Faith and Violence in the “Night” Memoir by Elie Wiesel
Night by Elie Wiesel is a 1960 memoir that recounts the author’s experience with his father during the holocaust in concentration camps between the years 1944 and 1945. Wiesel depicts horrifying actions committed by people and thereby establishes a number of themes prevalent in his work. Overall, the thesis of the novel is conquered with the fact that witnessing atrocities that were common during the holocaust drove him and others to doubt their faith and foster a disgust with humanity.
The first theme that is frequently visited within the work is dehumanization. Throughout the novel, Wiesel both witnesses and is the subject of unjust and horrifying actions. He undergoes a process of dehumanization that causes all his prior values to be diminished under the pressure to survive. When his father is being beaten by SS officers, “instead of rushing to his side” (14), Wiesel wished his father stopped calling his name so that they would not torment Wiesel as well.
The second thematic message in Wiesel’s work is the spiritual journey. After witnessing the treatment of the Jewish people in the concentration camps, he concludes that “man is stronger, greater than God” (67) and that he “caused thousands of children to burn” (67). Wiesel does not gain religious or spiritual enlightenment but begins to doubt his faith and belief in God.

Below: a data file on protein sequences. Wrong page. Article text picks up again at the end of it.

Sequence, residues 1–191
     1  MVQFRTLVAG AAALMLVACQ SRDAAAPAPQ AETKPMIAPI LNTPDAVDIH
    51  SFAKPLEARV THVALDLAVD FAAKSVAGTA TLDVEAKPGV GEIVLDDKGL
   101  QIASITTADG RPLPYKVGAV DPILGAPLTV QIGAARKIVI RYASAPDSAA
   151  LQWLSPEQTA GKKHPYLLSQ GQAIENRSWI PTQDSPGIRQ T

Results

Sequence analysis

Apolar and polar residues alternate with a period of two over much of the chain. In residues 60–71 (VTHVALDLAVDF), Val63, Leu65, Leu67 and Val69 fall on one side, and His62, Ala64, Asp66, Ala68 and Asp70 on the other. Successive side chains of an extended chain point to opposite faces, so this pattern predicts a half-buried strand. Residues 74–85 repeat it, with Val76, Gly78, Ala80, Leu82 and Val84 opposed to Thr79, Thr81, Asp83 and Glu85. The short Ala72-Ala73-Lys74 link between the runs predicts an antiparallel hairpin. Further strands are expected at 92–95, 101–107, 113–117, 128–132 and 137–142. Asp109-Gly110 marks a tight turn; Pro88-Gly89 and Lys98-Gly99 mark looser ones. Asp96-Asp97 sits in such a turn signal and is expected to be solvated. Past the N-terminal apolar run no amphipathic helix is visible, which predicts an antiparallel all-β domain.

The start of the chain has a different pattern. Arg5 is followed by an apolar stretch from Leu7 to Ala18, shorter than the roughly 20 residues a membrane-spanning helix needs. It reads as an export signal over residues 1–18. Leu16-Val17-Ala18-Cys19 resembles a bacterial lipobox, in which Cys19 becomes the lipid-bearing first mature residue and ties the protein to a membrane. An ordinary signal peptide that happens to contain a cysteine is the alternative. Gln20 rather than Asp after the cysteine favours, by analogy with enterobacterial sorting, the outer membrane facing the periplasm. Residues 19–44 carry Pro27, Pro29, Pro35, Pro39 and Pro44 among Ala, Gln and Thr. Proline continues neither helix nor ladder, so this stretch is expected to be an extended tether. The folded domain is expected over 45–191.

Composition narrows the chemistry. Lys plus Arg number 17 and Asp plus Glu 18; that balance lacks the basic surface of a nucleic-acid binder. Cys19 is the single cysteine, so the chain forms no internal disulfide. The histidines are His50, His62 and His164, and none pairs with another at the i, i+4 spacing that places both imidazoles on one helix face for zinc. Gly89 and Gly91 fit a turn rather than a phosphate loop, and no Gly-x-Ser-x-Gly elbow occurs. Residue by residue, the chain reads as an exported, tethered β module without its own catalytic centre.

A more personal but prevalent theme includes the loss of family and friends. The death of Wiesel’s father is the first personal loss Wiesel experiences after being exposed to numerous deaths and horrors. His father would die in the beating administered by the SS officers as Wiesel was unable to help him. This is an instance for which Wiesel has said he would not forgive himself, but he would also not forgive “the world for having turned him into a stranger” (15). The topics of dehumanization, the loss of faith, and family intertwined to reveal to Wiesel the effects such horrendous actions hand on the human mind.
Wiesel, E. (2006). Night. Hill and Wang.